- Monitor your accounts. Do not rely on your credit card company or bank to alert you of suspicious activity. Carefully monitor your bank and credit card statements to make sure all transactions are accurate. If you suspect a problem, contact your credit card company or bank immediately.
- Order a copy of your credit report from each of the three major credit bureaus. A law that took effect in 2004 entitles you to one free credit report per year. Make sure it is accurate and includes only those activities you have authorized. The three major credit bureaus are Equifax, TransUnion and Experian.
- Place passwords on your credit card, bank and phone accounts. Avoid using easily available information like your mother's maiden name, your birth date, any part of your social security number or phone number, or any series of consecutive numbers.
- Do not give out personal information. Whether on the phone, through the mail or over the Internet, do not divulge sensitive information or your social security number unless you initiated the contact, are familiar with the person or company and are confident that they have a secure line.
- Shred, shred, shred. Tear or shred any documents that contain personal information such as credit card numbers, bank statements, charge receipts or credit card applications, before disposing of them.
You can also make it more difficult for identity thieves to open accounts in your name by contacting the fraud department of any one of the three credit reporting agencies to place a fraud alert on your credit report—by law, the agency you contact is required to contact the other two agencies. The fraud alert tells creditors to contact you before opening any new accounts or making any changes to your existing accounts.
“To help consumers restore their identity, a number of insurers offer identity theft coverage,” said Salvatore. “Insurers understand that recovering from an identity fraud scheme can be a costly and time-consuming process.”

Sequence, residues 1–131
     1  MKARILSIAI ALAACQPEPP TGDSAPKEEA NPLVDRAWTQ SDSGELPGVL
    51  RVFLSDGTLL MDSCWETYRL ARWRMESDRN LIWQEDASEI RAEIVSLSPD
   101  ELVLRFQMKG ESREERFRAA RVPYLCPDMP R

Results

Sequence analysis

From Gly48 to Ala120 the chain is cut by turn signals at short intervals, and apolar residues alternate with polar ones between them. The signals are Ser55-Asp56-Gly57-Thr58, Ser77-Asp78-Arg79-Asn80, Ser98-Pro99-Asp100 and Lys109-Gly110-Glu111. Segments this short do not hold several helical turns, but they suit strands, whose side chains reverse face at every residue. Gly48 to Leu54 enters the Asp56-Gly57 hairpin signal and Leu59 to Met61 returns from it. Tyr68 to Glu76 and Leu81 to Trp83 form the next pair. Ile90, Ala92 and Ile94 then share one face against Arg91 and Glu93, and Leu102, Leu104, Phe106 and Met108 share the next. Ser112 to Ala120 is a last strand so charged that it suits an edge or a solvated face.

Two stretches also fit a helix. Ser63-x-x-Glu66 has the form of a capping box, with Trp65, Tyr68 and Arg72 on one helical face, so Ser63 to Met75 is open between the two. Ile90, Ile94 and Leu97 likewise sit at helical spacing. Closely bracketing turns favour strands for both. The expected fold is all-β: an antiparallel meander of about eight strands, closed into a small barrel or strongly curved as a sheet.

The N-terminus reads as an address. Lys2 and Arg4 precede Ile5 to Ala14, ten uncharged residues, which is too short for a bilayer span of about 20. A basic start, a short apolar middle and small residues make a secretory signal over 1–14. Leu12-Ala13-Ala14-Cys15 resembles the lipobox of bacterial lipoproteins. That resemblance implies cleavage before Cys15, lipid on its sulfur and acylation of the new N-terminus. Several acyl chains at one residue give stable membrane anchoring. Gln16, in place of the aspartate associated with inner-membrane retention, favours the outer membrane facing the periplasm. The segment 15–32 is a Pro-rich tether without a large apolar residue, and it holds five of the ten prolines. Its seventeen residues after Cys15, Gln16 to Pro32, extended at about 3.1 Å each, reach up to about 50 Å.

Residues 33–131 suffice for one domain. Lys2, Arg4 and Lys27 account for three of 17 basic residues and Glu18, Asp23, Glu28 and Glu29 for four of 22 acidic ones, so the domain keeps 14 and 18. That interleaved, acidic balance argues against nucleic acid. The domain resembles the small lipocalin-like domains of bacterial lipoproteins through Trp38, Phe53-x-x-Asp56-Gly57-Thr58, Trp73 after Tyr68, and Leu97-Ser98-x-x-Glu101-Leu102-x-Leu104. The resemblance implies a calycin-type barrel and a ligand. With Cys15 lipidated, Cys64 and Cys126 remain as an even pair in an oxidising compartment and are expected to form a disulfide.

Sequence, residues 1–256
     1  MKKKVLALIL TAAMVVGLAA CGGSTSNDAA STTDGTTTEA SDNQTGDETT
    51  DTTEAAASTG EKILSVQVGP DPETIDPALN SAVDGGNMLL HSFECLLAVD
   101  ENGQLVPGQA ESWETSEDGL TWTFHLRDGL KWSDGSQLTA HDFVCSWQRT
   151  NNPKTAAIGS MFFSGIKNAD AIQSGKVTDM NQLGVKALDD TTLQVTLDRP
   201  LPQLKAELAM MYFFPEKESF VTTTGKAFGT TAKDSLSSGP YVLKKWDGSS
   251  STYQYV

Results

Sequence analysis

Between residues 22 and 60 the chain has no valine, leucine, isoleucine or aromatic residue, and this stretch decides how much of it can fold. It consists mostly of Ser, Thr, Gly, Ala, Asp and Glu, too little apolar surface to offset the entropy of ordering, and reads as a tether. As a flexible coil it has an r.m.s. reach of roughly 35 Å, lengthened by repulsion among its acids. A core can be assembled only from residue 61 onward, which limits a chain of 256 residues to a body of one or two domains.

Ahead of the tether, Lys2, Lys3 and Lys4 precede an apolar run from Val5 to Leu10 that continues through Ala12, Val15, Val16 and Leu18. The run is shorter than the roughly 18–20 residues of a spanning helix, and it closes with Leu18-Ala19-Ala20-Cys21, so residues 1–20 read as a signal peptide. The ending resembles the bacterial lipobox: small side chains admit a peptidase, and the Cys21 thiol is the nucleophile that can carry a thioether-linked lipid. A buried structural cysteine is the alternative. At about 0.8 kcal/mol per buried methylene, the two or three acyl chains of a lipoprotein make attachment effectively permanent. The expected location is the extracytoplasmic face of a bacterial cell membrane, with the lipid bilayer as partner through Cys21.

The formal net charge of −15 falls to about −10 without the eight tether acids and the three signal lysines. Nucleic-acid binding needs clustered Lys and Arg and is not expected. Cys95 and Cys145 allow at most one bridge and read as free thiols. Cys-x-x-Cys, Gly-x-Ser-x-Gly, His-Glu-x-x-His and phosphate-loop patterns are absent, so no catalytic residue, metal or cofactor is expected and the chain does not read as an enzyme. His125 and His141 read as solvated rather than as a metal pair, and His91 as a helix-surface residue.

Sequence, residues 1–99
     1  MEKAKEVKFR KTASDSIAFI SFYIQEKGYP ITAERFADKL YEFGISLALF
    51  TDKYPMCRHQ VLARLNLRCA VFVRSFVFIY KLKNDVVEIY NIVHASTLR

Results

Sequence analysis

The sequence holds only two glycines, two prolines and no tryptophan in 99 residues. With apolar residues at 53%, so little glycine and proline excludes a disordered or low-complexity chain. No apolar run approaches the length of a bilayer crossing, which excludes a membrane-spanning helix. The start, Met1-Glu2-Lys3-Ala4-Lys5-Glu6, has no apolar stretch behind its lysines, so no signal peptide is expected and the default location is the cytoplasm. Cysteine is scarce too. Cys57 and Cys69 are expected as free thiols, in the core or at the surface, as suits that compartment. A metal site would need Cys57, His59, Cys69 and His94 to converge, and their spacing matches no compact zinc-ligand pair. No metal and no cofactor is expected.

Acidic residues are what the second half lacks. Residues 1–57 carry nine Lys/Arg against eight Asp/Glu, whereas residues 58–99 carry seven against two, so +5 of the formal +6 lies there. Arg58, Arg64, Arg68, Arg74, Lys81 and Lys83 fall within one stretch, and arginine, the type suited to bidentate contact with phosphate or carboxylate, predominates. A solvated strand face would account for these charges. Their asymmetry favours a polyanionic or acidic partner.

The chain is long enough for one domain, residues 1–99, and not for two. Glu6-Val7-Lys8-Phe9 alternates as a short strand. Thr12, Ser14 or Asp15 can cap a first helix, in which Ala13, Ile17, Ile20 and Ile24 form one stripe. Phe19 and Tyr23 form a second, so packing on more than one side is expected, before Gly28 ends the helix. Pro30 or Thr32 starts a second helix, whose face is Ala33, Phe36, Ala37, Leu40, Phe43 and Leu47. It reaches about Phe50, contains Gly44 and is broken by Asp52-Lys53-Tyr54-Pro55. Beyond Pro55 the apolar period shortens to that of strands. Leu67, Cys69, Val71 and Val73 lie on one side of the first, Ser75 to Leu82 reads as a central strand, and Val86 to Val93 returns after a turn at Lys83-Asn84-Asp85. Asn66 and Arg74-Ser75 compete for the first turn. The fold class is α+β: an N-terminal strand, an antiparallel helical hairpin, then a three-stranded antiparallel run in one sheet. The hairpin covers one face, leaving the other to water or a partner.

Identity theft may be covered by insurance. Identity theft protection and resolution services are included in some homeowners and auto policies at no additional cost. The service provides consumers with a fraud specialist to assist and guide them through the process of restoring and protecting their identity. Some companies include identity theft coverage as part of their homeowners insurance policy, selling it as either a stand-alone policy or as an endorsement to a homeowners or renters insurance policy. This coverage provides the customer reimbursement for the expenses associated with the identity and credit restoration process including phone bills, lost wages, notary and certified mailing costs, and sometimes attorney fees (with the prior consent of the insurer). Contact your insurance agent or company representative to find out what kind of coverage is available.
In addition, the National Insurance Crime Bureau (NICB) is dedicated to combating insurance fraud and theft, including identity theft. If you suspect fraud or theft, you can call NICB’s toll-free hotline to provide an anonymous tip that could make you eligible for a reward. The number is 1.800.TEL.NICB (1.800.835.6422). For more information about avoiding and dealing with identity theft, consumers can also go to the FTC Identity Theft Web site.
The I.I.I. is a nonprofit, communications organization supported by the insurance industry.